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Armenia Azerbaijani war: elections in Armenia, intended to end political crisis, too close to be called

Yerevan
After Armenia’s humiliating defeat in the war with Azerbaijan over the Nagorno-Karabakh region, the leaders of the ruling Armenia party face a difficult election. Prime Minister Nikol Pashinyan called for early elections on Sunday to appease public anger over the November peace deal. In recent months, protesters have demanded Pashinyan’s resignation.

The impact of the struggle with Azerbaijan on the elections
The deal brokered by Russia ended a six-week war between Armenian and Azerbaijani forces, but Azerbaijan regained control of large parts of Nagorno-Karabakh and the surrounding area where Armenian forces had fought for several years.

Agreement with Azerbaijan was opposed in Armenia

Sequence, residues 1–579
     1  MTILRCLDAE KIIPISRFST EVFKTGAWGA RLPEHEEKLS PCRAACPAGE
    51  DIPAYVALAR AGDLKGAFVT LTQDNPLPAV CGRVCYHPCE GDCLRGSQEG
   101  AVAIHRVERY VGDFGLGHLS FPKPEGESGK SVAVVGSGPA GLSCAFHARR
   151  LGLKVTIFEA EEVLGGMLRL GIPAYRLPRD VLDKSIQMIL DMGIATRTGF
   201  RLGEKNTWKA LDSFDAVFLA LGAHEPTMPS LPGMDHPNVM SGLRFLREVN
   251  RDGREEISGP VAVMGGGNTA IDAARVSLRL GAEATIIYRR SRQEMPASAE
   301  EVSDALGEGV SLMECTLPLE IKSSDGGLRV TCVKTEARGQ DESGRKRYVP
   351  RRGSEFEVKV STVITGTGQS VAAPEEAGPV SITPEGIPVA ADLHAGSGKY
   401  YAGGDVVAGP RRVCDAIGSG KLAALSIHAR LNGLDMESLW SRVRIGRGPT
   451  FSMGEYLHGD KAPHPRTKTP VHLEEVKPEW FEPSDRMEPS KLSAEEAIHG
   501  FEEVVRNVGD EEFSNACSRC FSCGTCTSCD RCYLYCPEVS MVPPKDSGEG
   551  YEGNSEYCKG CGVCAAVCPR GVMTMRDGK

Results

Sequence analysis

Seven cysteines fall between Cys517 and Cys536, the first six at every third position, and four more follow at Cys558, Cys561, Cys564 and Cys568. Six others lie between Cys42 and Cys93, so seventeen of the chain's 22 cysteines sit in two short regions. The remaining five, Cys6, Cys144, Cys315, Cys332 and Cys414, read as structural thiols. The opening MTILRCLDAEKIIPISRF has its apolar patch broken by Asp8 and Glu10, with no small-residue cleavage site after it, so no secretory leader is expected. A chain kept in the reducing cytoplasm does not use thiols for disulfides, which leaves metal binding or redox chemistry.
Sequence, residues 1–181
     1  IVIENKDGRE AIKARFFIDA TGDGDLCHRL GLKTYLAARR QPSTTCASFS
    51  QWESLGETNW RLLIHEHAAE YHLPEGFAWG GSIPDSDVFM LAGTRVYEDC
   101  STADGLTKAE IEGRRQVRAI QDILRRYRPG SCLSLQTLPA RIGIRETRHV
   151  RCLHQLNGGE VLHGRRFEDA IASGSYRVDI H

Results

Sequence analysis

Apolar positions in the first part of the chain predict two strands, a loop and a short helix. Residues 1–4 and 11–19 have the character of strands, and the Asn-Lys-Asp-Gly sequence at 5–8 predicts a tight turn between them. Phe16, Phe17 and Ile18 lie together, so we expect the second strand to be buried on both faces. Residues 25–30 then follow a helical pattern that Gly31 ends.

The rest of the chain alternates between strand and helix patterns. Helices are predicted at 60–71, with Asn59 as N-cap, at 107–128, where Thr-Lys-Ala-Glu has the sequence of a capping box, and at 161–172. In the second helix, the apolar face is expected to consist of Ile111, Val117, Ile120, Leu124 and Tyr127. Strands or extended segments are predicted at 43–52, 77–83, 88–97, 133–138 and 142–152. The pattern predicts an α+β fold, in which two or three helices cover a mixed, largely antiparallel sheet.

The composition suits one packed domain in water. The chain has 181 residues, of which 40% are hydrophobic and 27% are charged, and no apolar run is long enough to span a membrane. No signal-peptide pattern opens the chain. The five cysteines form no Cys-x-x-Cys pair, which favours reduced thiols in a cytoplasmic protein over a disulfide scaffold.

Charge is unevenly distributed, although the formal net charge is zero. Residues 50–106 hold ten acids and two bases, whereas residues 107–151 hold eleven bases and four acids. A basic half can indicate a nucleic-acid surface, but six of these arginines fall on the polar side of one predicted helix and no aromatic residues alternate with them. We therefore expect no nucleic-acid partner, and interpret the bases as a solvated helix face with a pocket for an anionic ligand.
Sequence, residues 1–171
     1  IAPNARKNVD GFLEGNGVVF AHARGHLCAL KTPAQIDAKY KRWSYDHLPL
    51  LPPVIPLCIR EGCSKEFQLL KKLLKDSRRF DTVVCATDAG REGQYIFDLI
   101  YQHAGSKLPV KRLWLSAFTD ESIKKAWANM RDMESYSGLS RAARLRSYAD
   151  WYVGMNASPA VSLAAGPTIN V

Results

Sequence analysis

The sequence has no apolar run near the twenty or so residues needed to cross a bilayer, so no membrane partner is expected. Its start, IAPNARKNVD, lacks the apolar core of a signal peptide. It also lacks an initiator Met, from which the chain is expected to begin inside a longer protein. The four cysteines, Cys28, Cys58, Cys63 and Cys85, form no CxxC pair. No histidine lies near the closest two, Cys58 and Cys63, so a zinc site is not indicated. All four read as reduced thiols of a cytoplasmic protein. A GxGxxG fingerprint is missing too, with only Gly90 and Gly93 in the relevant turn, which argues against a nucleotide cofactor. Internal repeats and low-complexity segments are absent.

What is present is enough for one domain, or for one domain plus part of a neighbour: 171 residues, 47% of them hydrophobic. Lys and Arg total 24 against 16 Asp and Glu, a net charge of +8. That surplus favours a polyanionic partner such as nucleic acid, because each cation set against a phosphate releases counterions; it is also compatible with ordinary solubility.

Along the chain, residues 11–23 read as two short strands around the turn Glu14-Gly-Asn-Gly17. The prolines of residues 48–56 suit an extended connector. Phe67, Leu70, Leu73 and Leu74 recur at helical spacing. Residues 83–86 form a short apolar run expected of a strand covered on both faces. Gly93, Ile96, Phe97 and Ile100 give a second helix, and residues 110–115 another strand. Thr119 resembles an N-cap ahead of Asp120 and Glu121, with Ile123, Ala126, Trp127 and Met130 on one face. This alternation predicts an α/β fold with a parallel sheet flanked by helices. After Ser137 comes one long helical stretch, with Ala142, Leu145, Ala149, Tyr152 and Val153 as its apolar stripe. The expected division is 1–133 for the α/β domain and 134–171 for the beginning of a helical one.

Following the agreement, residents of Baku, the capital of Azerbaijan, celebrated the victory, while thousands of demonstrators took to the streets of Yerevan, accusing it of betraying national interests. Richard Giragosen, director of the Yerevan Regional Study Center, said: “This election is like a referendum following the unexpected defeat in the Nagorno-Karabakh war. The attack on Azerbaijan in conjunction with the he Turkish army has redefined the political landscape in Armenia.

Pashinyan came to power in 2018
Nikol Pashinyan came to power in 2018 after massive protests in the country. He defended the deal, claiming that Azerbaijan had to be stopped otherwise he would have controlled the entire Nagorno-Karabakh region. He left his post as prime minister for a premature election and is currently the interim prime minister.

Know the main game
More than 2,000 polling stations have been set up for Sunday’s elections and there are around 26 lakh of eligible voters. There are 21 political parties and four coalitions in the election, but the main conflict is between two political forces: the ruling Civic Contract Party led by Pashinyan and the Armenian Alliance of former President Robert Kocharyan. According to recent media reports, there is a possibility of a close conflict between Pashinyan’s party and the Kochrayan alliance. To form a government, you have to win 54% of the seats in Parliament. Kochrayan was president from 1998 to 2008.

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